March 31 2016, Creston, BC – Since the launch of the Fields Forward partnership, dozens of volunteers, community development professionals, local government representatives, farmers, and food producers have dedicated hundreds of volunteer hours to local agriculture and food security projects. Riondel’s Paris Marshall Smith has been one of the volunteers. Now, Paris is stepping into the Fields Forward Coordinator position – continuing a career dedicated to strengthening local food systems. Her role will be to guide and support community action. Paris comes well equipped for the many tasks this will include – from research to project design to fundraising. She brings two related Masters degrees, training as a professional community planner, and a track record of helping communities to set and realize food security goals.

Bringing food systems stakeholders together
Fields Forward is the first project funded by the Creston & District Community Directed Funds initiative. It was designed to answer a call from the community to boost economic development in the agri-food sector and improve local food security. Funding was announced late last December after more than a year of community consultation, research, and planning. The volunteer Committee allocated just over $250,000 to fund the project’s first three years. This is a significant portion of the $600,000 entrusted to them by Columbia Basin Trust for investment in locally-driven community change.
Coordinator will support collective action.
Putting a paid coordinator in place is central to the Fields Forward strategy. “No single organization, business, or group can transform our food system alone,” says C&DCDF consultant Laura Hannant, “Real change happens when we pull together.” The Coordinator will help Fields Forward partners to communicate with each other, find shared goals, develop and advance projects, mobilize funding, and engage volunteers.
C&DCDF Committee Chair Hugh Grant explains that the selection process was a competitive one. “We were looking for a diverse skill set and a track record of success. We ended up with a very good problem in that we had several excellent candidates. It was encouraging that most of them live right here in Creston & District.”
“The process was a reminder of the need to create more local food systems jobs,” elaborates Laura Hannant, ”Our community is rich in people with the knowledge and skills to move us closer to food security. The challenge is find ways to compensate people for the work that needs to be done. This is part of what Fields Forward is all about.”
A dedication to sustainable change
“We feel privileged that Paris Marshall Smith has accepted the Coordinator role,” says Hugh Grant. “Her specific experience and expertise in food and agriculture, community and economic planning, innovative whole system design, and building community partnerships is exactly what Fields Forwards needs. We know that Paris will take a thoughtful, practical approach.”
Paris’ education and career have centred on growing food systems to foster wellbeing and community resilience. Her studies have taken her from Vancouver to Denmark to South Africa. Her work and volunteer efforts have involved everything from to coordinating a farm internship program to sitting on regional planning councils to consulting for provincial government.
Most recently, Paris has dedicated more than five years to building food security at the Yasodhara Ashram on Kootenay Lake. She led work to procure, produce, preserve, and process food for over 52,000 meals per year. This involved managing hundreds of volunteers, running mentorship programming, and building a network of local partners and suppliers. “When I started out, all the right components were place, but we were limited by a lack of integration and collaboration with others. Over time, we learned to harness our own unique production capacity and develop relationships of trust with local farmers and food producers.” Today about 60% of the food eaten at the Ashram comes from within 100km.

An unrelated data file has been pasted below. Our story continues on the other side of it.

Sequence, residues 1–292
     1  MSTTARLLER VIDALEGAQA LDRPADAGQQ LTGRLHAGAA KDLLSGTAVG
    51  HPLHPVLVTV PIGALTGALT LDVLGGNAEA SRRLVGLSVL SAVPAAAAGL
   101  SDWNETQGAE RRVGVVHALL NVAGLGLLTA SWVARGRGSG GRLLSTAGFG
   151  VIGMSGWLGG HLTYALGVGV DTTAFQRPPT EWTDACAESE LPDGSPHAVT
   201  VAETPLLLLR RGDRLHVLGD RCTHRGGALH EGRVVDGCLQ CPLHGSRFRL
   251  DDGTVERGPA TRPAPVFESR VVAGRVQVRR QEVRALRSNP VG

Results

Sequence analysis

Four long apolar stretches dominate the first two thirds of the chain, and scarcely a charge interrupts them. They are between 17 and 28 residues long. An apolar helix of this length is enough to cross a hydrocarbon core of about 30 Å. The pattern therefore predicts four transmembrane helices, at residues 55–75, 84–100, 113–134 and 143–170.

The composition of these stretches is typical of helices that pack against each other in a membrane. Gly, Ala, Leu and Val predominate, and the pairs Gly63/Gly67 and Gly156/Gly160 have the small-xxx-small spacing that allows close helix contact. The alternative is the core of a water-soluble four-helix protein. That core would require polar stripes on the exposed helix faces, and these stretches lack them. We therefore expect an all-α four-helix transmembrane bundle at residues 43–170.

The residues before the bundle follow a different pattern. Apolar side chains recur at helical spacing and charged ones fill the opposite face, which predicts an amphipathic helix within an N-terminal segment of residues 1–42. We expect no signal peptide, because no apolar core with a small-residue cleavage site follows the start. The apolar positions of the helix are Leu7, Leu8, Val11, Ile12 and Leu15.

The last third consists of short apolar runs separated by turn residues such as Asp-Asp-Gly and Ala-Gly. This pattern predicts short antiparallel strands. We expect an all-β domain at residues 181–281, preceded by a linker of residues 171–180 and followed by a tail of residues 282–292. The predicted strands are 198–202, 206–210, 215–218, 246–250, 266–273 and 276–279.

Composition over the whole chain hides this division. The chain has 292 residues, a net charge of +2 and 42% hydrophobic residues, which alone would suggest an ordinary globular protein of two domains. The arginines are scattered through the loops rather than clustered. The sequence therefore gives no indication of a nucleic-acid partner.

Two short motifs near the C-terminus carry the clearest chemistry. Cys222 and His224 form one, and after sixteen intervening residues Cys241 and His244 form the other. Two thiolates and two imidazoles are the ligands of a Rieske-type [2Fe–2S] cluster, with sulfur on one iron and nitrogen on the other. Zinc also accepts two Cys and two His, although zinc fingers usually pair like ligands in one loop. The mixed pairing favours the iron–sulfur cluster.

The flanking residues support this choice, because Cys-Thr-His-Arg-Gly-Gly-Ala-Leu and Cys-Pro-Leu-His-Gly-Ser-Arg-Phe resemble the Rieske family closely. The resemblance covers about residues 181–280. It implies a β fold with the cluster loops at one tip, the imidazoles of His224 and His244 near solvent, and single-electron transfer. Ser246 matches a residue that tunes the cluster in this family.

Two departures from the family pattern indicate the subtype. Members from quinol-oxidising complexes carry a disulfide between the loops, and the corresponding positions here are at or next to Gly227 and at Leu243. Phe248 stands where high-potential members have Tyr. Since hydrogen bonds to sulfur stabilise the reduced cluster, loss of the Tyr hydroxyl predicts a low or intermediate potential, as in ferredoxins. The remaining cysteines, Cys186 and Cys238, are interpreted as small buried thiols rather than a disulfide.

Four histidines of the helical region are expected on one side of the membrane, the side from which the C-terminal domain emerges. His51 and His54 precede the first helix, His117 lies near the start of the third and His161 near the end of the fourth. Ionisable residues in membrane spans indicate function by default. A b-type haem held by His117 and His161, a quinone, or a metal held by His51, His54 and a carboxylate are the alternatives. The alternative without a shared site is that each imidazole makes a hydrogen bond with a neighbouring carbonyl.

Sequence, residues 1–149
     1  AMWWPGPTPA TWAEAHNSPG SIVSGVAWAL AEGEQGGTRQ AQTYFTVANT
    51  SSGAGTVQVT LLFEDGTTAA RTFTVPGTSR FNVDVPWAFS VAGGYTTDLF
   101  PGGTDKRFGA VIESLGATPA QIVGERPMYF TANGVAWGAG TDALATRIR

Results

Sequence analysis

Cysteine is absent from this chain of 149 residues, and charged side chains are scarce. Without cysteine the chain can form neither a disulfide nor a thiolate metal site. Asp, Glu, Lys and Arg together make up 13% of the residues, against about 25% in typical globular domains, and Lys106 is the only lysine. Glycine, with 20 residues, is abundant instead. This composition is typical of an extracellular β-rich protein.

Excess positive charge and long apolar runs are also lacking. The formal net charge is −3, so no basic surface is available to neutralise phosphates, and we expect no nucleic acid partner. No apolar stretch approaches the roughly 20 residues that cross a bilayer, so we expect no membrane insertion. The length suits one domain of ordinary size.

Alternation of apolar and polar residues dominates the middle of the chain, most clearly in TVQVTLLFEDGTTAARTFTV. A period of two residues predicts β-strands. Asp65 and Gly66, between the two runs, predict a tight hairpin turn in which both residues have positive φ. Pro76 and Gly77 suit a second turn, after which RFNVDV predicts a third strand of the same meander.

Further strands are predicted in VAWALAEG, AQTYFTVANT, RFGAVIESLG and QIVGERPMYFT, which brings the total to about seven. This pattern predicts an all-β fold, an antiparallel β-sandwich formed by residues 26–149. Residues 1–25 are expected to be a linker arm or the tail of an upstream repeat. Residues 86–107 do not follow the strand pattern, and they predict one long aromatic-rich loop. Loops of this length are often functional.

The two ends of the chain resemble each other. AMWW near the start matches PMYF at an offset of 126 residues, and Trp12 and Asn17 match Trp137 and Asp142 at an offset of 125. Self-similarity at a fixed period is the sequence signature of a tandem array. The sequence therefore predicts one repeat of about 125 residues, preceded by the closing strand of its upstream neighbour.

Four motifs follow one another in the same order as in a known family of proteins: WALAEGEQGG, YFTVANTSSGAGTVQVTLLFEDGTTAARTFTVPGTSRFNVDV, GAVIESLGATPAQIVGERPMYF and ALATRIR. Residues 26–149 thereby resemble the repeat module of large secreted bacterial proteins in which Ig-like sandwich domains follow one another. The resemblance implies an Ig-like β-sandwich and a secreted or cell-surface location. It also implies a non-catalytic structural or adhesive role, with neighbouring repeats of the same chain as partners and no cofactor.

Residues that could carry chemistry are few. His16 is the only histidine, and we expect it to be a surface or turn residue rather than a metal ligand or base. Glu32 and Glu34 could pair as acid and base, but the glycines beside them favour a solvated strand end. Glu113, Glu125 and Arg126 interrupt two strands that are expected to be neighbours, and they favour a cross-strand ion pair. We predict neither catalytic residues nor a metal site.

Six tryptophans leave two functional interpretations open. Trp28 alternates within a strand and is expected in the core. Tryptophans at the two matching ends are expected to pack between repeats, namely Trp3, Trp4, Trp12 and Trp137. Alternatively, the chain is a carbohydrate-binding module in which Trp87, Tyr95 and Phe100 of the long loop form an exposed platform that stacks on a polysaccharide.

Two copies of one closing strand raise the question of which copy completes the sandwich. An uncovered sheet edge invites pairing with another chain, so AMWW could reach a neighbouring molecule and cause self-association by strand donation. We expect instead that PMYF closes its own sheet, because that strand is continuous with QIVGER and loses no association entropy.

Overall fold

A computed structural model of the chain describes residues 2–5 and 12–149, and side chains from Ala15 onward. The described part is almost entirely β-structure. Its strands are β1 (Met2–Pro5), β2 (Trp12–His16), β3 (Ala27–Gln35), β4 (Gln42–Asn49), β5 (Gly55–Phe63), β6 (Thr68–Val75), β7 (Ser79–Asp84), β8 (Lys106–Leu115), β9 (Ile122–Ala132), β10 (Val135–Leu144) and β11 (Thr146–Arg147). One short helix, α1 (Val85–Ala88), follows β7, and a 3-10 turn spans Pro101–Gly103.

“Sitting down at a table with the knowledge of where food has been grown and the hands that have grown it, builds a richness that is immeasurable. I feel passionate about the opportunities that exist when food and community are celebrated. I know that I share this value with many in our communities,” says Paris.
She feels positive about how Fields Forward has been helping people to act on their shared values and goals. “It is inspiring to see change happening through collaboration. We are strengthening what works well and finding new ways to translate ideas into action. I feel like we are truly building the foundation for Creston and District to leap forward.”
Many hands make light work
Fields Forward kicked off at a two-day forum in January. More than 80 people took part in intensive “Strategic Doing” training and action planning. Participants included small and large-scale farmers and food producers, food retailers, local and provincial government representatives, and members of community and commodity groups. Together, they started work on breaking big-picture goals into manageable “pathfinder” projects. Ten project-based working groups were formed.
Nine groups are still hard at work. 22 working group meetings have been held and well over 500 volunteer have been logged. Work is being done to attract first-class farm workers to the region, host food and farm bus tours, celebrate achievements in sustainable agriculture, establish school gardens, understand the economic impact of the Creston Valley Farmers’ Market, develop local agri-food infrastructure, explore the possibility of a Creston Valley brand, and improve access to training and farm extension services.
Grant applications are already being written, fundraising events are being planned, research is underway, and projects are taking off. With Paris stepping up to coordinate, progress is set to accelerate. She is hopeful about what will come next, “The potential of Fields Forward is exciting. We live in one of the most fertile valleys of the province – a place of quality and diversity in both people and nature. I am committed to helping the community find ways of realising this unique potential.”

For more information:
Paris Marshall Smith
Community Directed Funds

No Closures at CBESS!


At the open special meeting on March 29 at the SD8 district office, the Board of Trustees and Board of Education presented the facilities review draft plan.